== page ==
Eugene Rivers, who was a central figure in the fight against gang violence at the time. The violence came down sharply in the mids. Part of it was a natural decline from the high murder rates of the early part of the decade.
But criminologists say heightened cooperation among ministers like Rivers, city government and law enforcement contributed to the "Boston miracle" — a month stretch when not a single minor was killed by a gun or a knife. Rivers gives Menino credit for curbing the violence — murder is down 60 percent since he took office — and, more broadly, for leading Boston to greater safety and prosperity. And the city's black and Latino neighborhoods have rewarded the mayor handsomely over the years with strong electoral support.
If he failed, he told the audience, "then judge me harshly.
Thomas M. Menino, Boston’s longest serving mayor, dies at 71
But the achievement gap separating white students from their black and Latino peers remains stubbornly wide. Education reform advocates like Paul Grogan, president of the Boston Foundation, say Menino moved too slowly to embrace systemic reform — to challenge the teachers union, wrap his arms around charter schools and push more power to principals.
And that really hasn't occurred. But he suggests there are limits to what an urban school district can do.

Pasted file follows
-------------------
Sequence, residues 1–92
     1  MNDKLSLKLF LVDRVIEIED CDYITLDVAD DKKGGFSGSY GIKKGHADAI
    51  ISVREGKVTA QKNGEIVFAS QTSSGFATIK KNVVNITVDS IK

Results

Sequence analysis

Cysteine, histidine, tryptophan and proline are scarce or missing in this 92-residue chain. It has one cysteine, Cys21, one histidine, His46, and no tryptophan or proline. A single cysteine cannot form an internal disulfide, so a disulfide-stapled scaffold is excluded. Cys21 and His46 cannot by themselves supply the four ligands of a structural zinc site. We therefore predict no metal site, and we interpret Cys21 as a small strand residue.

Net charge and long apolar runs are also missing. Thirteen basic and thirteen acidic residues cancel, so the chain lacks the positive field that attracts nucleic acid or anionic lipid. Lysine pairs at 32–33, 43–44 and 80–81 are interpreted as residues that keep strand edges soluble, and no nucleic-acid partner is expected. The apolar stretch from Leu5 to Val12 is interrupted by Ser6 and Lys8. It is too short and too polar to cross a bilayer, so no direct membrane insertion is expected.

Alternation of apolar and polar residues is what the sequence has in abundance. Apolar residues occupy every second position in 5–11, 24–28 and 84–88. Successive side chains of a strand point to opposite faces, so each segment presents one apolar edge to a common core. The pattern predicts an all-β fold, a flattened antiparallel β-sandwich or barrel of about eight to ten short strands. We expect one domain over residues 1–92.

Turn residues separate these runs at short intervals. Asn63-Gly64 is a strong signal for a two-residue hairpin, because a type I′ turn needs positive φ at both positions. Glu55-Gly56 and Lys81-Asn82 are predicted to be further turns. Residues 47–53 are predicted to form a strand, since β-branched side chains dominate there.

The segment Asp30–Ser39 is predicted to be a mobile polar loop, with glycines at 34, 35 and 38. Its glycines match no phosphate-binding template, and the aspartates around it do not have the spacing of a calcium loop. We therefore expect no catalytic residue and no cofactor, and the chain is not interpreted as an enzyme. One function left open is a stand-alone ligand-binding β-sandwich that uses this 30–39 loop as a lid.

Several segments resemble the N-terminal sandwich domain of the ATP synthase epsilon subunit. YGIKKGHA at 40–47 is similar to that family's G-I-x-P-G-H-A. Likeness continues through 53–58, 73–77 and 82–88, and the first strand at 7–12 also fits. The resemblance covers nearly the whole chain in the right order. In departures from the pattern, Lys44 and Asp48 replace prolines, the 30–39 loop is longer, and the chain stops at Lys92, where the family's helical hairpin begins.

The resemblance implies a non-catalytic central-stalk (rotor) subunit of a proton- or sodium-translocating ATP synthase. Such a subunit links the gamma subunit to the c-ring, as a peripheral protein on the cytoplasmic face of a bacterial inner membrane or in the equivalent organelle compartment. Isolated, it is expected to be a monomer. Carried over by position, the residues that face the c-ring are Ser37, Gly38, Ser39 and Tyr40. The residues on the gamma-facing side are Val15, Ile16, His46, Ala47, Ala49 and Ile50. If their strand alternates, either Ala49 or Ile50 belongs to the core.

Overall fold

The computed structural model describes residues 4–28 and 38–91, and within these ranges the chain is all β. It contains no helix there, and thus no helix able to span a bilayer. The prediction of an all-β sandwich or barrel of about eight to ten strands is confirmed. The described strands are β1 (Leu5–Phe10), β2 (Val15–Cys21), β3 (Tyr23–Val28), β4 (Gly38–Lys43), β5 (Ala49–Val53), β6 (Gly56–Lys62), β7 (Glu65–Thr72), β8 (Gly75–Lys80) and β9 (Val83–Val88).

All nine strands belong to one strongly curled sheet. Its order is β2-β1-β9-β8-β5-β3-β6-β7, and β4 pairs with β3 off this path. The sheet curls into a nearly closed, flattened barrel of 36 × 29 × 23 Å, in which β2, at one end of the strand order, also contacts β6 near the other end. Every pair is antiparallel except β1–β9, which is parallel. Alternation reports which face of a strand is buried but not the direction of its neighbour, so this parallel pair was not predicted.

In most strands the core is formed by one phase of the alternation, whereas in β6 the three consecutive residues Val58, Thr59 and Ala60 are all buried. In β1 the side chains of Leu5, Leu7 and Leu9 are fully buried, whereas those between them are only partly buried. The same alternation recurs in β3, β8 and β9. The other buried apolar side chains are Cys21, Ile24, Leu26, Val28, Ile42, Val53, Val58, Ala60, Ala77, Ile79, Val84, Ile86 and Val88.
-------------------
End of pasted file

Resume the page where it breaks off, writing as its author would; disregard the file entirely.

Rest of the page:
Mechanics When Menino first ran for city council inhe campaigned on turning around an area then known as Roslindale Square. It was not the most welcoming place back then.
Thomas M. Menino, Boston’s longest serving mayor, has died at age 71 - The Boston Globe
Grates came down at night. Street lights coated the area in an orange haze. Menino's idea was to bring in the National Trust for Historic Preservation's Main Streets program, then focused on revitalizing commercial districts in small towns.
Roslindale Square would get the first urban Main Streets program in the nation. And over time, city government, Main Streets and Boston's growing economy turned the place around.
There was an overhaul of the municipal parking lot and a farmer's market. Grants for new storefronts, arty signage and a whimsical sculpture. Now, Roslindale Village boasts a high-end cheese shop and a bistro serving up salmon with an apricot candied jalapeno crust. Just down the street: Charlie McCarthy, co-owner of the spa, says the mayor has seen to daily cleaning and speedy graffiti removal. The turnaround has come at a cost: But the urban mechanic, making full use of his lengthy tenure, slowly turned a drab square into an upscale village.
Downtown The flashier development has come downtown. After years of delays at the site of the old Filene's department store at Downtown Crossing — delays that left an embarrassing hole in the ground — a foot tower is rising.
And an entire district — the Innovation District — is going up on the South Boston waterfront. Bruce Katz, co-author of "The Metropolitan Revolution," says most innovation districts grow up around hubs like a university or medical campus.
Here, it was different: And the mayor, he says, gets credit for relentlessly marketing the idea in the face of skepticism. Critics say he's favored certain developers and exercised too much control.
Menino poked fun at himself a few years ago when he struck a Godfather-like pose in a video spoof, stroking a cat while talking to a developer. But critics say his tightly controlled approach to development has had real consequences: And observers say the mayor gets only partial credit for Boston's building boom. The last 20 years have a seen a broad revival of the American city, after all, with business and the larger culture placing new value on the density and creativity of urban spaces.